I think, in retrospect, I know, what—beyond callow youth and idiocy—made me dismiss the first book: Light is a more of an historian than a theorist and it would have been fashionable for me to look askance at a book chronicling forgotten conservative women writers between the wars. Ironically, this is the very kind of book that will be useful to me in upcoming projects.

I’ll write about Mrs. Woolf and The Servants in a future post, but before I do, I wanted to offer a little apology to the world for having been such a dope in front of the writer.

Thursday, February 11, 2010

Chapters Reading Series & Girls Write Now

As you may know, I’m on the board of Girls Write Now, the peerless mentoring organization that pairs women writers with girls from the New York City public schools. If you like great fiction and care about girls’ education (and why would you be here if that weren’t true?) and you live in New York, you might add the Chapters series to your calendar for spring. The line-up is great!

Beginning Friday, February 26, please join us for a series of evenings, featuring Girls Write Now students and the professional writers who inspire them, at the Center for Fiction (, 17 East 47th Street, between Fifth and Madison. Each event will take place from 6-8PM, and admission is free and open to the public. 
CHAPTERS also features a line-up of special guest authors, curated by Maud Newton
Friday, February 26: Dolen Perkins-Valdez, author of Wench
Friday, March 26: Nami Mun, author of Miles From Nowhere
Friday, April 23: Lizzie Skurnick, author of Shelf Discovery
Friday, May 21: Ru Freeman, author of A Disobedient Girl
Friday, June 18: Chimamanda Ngozi Adichie, author of The Thing Around Your Neck

Wednesday, February 10, 2010

What is your dog’s name?

When, after many years of wanting a dog, my mom finally got a beagle, she named him Henry. My Iowa-born mom had become an Anglophile after all those years of marriage to my dad, and, not having sons, she wanted a strong, beautiful English name. Henry lived up to it. He was succeeded by William, which caused some nervous joking in the early days of my relationship with my husband, Bill. When William died, my parents adopted an older beagle, already named. Now they have Chance. It’s a sharp break from their pattern and goes against my mom’s principle of giving dog’s “real” names, but it’s a sweet name and it fits that affectionate, energetic dog.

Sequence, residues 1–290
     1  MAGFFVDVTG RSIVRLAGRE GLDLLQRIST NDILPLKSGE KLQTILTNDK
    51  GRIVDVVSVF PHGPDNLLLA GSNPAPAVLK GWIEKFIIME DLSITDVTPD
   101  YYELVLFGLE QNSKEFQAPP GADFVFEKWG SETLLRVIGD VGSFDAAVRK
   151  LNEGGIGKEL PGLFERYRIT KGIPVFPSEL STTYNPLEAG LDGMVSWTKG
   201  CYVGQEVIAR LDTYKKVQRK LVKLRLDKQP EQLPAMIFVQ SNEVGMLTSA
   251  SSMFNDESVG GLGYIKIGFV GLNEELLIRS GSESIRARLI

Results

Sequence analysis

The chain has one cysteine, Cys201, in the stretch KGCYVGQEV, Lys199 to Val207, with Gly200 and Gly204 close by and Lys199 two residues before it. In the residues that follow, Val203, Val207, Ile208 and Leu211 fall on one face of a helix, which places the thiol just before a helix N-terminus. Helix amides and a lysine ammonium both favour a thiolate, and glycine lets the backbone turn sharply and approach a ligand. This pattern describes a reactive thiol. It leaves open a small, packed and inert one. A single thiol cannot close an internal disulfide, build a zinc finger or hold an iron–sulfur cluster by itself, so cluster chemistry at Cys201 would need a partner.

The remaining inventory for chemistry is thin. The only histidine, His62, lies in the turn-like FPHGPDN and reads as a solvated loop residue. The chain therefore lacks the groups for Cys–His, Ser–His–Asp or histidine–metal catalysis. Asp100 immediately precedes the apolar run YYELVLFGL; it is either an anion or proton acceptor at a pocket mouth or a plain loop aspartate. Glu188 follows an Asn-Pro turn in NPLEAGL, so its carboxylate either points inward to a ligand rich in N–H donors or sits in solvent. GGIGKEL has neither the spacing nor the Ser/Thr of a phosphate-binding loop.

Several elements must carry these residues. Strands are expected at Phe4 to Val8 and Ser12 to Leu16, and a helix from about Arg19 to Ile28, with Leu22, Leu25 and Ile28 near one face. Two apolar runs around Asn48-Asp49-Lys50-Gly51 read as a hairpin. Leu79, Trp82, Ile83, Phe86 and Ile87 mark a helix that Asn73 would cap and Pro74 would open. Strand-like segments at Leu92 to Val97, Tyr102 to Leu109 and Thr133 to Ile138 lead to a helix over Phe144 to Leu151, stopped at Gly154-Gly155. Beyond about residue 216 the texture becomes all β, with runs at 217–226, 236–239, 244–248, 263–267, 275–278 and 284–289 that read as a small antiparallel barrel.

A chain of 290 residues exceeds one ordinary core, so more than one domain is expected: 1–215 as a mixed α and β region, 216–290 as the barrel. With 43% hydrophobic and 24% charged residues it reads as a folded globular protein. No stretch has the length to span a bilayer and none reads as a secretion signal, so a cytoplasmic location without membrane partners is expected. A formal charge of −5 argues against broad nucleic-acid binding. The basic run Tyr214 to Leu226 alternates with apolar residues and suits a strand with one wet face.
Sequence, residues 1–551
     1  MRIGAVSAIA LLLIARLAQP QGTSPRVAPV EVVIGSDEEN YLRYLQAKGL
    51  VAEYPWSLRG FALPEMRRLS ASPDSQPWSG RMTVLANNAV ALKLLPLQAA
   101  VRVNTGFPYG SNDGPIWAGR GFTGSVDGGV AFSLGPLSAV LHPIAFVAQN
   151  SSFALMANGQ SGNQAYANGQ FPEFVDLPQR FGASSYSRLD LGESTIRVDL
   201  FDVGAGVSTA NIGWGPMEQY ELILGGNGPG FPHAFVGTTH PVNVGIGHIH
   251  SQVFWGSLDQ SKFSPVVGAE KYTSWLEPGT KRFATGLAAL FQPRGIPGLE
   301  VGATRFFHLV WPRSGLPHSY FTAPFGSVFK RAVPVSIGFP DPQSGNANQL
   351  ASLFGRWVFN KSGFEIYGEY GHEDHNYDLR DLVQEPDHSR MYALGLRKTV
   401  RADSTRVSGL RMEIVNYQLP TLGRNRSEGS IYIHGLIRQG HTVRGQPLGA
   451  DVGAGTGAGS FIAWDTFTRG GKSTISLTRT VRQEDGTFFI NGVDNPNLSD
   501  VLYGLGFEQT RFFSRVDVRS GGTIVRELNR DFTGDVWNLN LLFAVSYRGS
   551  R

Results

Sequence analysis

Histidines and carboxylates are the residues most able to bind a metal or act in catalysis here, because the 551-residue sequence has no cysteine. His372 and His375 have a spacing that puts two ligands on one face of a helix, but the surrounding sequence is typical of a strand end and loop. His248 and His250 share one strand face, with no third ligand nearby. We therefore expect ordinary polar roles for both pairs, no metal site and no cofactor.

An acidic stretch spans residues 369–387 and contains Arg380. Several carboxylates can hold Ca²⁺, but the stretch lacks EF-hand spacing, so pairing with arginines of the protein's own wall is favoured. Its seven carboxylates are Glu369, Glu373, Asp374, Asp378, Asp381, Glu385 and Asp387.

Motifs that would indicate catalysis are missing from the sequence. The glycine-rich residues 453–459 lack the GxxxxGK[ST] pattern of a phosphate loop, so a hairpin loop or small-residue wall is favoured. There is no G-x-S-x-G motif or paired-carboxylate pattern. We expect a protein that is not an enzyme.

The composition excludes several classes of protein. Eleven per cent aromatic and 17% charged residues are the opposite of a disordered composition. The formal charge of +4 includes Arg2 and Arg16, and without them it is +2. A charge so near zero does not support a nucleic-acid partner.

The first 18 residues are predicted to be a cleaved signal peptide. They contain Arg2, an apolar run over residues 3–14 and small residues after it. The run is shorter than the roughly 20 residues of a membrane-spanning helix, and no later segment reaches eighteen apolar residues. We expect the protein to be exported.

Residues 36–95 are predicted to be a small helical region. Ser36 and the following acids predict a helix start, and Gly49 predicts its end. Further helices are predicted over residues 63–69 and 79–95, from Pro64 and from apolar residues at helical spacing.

When we adopted our stray, our friend, the poet Maurice Manning, urged us to give her a literary name. We over-thought the matter: my husband’s field is 19th-century American literature; mine is 20th-century British; we split the difference and combed great works from a 20th-century American name, settling on Dilsey, the name of the mammy in The Sound and the Fury, for our dog had been abused but still had a great spirit and we hoped that she, like the character in the novel, would endure. Only later did I realize that Maurice’s dogs at the time were the more humbly named Mango and Deke.

As I annotate Mrs. Dalloway, I know I want to write about Clarissa’s dog, Rob and Elizabeth’s dog, Grizzle. Clarissa would prefer Elizabeth fuss over Grizzle than Miss Kilman; Peter Walsh remembers Clarissa ostentatiously hugging it just after Clarissa has revealed her snobbery. I’m guessing Rob is a nod to Walter Scott, but Grizzle is very  much akin with the Woolf family dog names which include Shag and Gurth.

How do you name your dogs?

Tuesday, February 09, 2010

Those Cute, Cute Foreign Orphans

I’ve been riveted by the whole sad debacle of the imprisoned missionaries, jailed in Haiti for taking children across the border without permission. The conversation seems to have changed, ever so slightly, in the past few years, towards a better understanding of how best to help and away from the kind of imperious behavior that these Americans seem to have displayed. (Though, I hear that Angelina may be on the ground in Port-Au-Prince…) From the first, CNN interrupted its “disaster porn” coverage of the earthquake to remind people that the best course of action was not to swoop in and adopt a little Haitian baby, even as endless heart-wrenching stories of accelerated adoptions already underway fueled our hunger to reach out and help.